Wagyu beef teppanyaki.

Haven of Japan’s Best Sake

And due to the abundance of high-quality rice, ideal water and a conducive weather condition, a top highlight that may surprise you about Kobe is that it’s a haven to Japan‘s best sake. Explore the city’s Nada district and there, you will find the nation’s top sake producing breweries operating since the 17th century two of which has a museum that showcases the process of sake making. In addition to a free guided tour inside the breweries, they also offer a free taste of the iconic drink including the popular sake jelly dessert.

Beyond Paris, Kobe Hosts the Biannual Fashion Week

Motomachi shopping street in Kobe, Japan.

Did you know that “if you can’t go to Paris, go to Kobe” to experience fashion in a new level, a top highlight that may surprise you as styles are dominant in this city. In fact, twice a year it holds the Kobe Fashion Week which hauls together the nation’s top designers including international guests. Famous for being a fashion city since 1973, Kobe is a great place for shopping as well particularly at Motomachi which is Kobe’s longest shopping street.

It Has a Train Station Near to a Stunning Waterfall

Just a few steps from the Shin-Kobe train station lies Nunobiki-No-Taki (or Nunobiki waterfalls) a hidden jewel and a top highlight that may surprise you in Kobe. Considered as one of the most celestial falls in Japan because the water appears like a suspended white cloth. Much loved as the essence for art, poems and subject of admiration for years, you will some of the odes carved into stones around the falls when you explore the area.

One of Japan’s Oldest “Onsen” Cities

Dating back to more than 1,000 years, Arima Onsen is an ancient hot spring site which is a top highlight that may surprise you about Kobe, Japan. Famous in the world for being called a “golden spring” because of its reddish brown hue, the origin of the hot spring is uncertain but it is believed for its high iron content that changes color when exposed to air and known to alleviate poor circulation and muscle pains. So take your time to get rejuvenated from a tiring day at Arima Onsen and experience the high salt content of its waters for a moisturizing effect on your tired body.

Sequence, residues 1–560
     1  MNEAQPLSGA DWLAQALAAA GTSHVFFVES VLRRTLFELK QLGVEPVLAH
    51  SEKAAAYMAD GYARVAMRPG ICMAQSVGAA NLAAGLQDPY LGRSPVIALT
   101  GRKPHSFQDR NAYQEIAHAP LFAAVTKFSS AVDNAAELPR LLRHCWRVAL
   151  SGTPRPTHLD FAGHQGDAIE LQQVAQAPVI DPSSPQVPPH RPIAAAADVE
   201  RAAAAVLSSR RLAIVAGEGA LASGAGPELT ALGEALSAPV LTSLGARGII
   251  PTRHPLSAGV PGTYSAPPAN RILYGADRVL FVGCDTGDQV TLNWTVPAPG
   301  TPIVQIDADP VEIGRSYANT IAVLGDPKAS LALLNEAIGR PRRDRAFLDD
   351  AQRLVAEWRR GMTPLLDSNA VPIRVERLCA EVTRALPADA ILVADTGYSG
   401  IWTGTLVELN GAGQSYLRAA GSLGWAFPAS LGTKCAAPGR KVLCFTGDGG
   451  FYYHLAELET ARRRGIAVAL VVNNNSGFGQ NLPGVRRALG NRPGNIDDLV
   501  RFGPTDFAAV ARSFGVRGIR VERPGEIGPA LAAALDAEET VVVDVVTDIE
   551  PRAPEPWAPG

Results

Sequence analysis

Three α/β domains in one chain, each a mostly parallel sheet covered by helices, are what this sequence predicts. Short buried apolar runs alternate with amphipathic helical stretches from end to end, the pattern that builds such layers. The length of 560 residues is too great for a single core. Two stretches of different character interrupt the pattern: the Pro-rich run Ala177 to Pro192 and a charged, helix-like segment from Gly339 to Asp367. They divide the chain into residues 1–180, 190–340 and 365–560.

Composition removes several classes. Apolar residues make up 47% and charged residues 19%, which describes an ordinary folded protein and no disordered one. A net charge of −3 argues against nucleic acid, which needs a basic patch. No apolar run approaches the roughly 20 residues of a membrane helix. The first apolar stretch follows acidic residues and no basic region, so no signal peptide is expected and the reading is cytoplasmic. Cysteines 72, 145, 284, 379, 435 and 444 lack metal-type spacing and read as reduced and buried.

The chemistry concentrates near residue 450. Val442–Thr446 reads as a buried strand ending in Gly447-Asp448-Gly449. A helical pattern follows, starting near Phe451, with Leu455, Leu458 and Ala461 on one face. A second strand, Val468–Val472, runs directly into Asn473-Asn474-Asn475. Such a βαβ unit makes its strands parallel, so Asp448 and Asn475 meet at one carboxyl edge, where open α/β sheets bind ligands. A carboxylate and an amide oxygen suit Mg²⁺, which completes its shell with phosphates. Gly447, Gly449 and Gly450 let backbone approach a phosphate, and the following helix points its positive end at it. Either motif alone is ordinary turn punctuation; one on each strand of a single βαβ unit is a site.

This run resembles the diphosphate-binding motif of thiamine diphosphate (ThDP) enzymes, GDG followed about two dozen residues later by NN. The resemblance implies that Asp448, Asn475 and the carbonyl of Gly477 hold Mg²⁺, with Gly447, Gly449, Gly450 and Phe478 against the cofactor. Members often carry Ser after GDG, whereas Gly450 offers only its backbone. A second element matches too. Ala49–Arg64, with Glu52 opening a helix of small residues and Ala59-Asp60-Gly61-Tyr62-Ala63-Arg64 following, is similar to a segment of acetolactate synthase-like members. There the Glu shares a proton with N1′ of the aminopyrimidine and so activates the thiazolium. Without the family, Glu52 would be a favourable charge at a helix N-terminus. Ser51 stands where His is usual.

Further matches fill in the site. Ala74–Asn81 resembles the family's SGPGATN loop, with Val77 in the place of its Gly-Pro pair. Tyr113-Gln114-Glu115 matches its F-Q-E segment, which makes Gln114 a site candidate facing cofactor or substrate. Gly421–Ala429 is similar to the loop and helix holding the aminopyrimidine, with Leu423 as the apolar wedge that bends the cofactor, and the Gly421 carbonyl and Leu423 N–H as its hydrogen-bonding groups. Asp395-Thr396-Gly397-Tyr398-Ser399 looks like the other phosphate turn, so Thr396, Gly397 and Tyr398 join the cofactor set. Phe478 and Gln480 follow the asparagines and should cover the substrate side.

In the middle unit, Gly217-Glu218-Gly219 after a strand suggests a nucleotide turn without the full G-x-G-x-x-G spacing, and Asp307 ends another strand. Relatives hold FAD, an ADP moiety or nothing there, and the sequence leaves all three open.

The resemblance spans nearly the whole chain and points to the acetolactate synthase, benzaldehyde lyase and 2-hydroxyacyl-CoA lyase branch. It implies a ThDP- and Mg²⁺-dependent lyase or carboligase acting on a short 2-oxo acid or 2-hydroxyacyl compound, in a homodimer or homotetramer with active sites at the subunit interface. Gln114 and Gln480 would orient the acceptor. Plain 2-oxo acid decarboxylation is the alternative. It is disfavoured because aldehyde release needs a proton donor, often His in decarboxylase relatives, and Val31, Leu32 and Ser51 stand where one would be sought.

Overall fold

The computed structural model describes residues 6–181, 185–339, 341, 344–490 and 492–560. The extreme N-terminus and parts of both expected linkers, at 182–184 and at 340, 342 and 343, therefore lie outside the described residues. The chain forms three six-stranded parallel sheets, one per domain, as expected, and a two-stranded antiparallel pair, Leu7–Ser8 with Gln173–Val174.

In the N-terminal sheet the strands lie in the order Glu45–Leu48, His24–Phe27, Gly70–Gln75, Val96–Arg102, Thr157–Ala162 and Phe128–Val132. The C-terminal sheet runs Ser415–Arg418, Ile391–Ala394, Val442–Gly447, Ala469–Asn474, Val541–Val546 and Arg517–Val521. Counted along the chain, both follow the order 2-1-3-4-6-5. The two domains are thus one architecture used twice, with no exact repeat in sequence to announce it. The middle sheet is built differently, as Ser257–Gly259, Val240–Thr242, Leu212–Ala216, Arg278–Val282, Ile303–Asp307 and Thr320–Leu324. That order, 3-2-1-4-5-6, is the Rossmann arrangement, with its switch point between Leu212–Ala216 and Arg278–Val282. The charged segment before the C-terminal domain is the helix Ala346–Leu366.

It Got An Artificial Island Called Rokko

As population grew through the years in Kobe, the city ran out of space to expand so, urban planners came up with a brilliant idea to solve the problem – by moving rocks from the Rokko Mountains to make an artificial island. Thus, Rokko Island was created, which makes it one of the city’s points of interests, a top highlight that may surprise you about Kobe. Definitely worth a visit when you’re in the city for aside of its amusement parks, hotels, restaurants and the Kobe Fashion Museum at the area, the view of the sunset from Rokko Island will surely take your breath away.

Home to Nankin-machi, One of Japan’s Premier Chinatown areas.

Named after the former capital of China which was Nanking, Nankinmachi is a top highlight that may surprise you about Kobe as this is a hub of excellent Chinese cuisine and aromatic street foods. Populated by Chinese traders at the time when Kobe Port was opened to the West in 1868, Nankinmachi is Japan‘s second largest Chinatown. A famous district for dining out and shopping, this area is a magnet for traditional festivities such as the Lunar New Year and Mid-Autumn Festival.

A hip and welcoming city that takes pride of its innate charm and striking landmarks. Kobe should not be missed out when you go for a visit to Japan. Sometimes we often think of Tokyo or Osaka as the better cities to explore but this city should be on your “must-see” list as well. It has an international vibe, full of friendly people, great foods aplenty and most of all, nature is never too far.

Reference: Wikipedia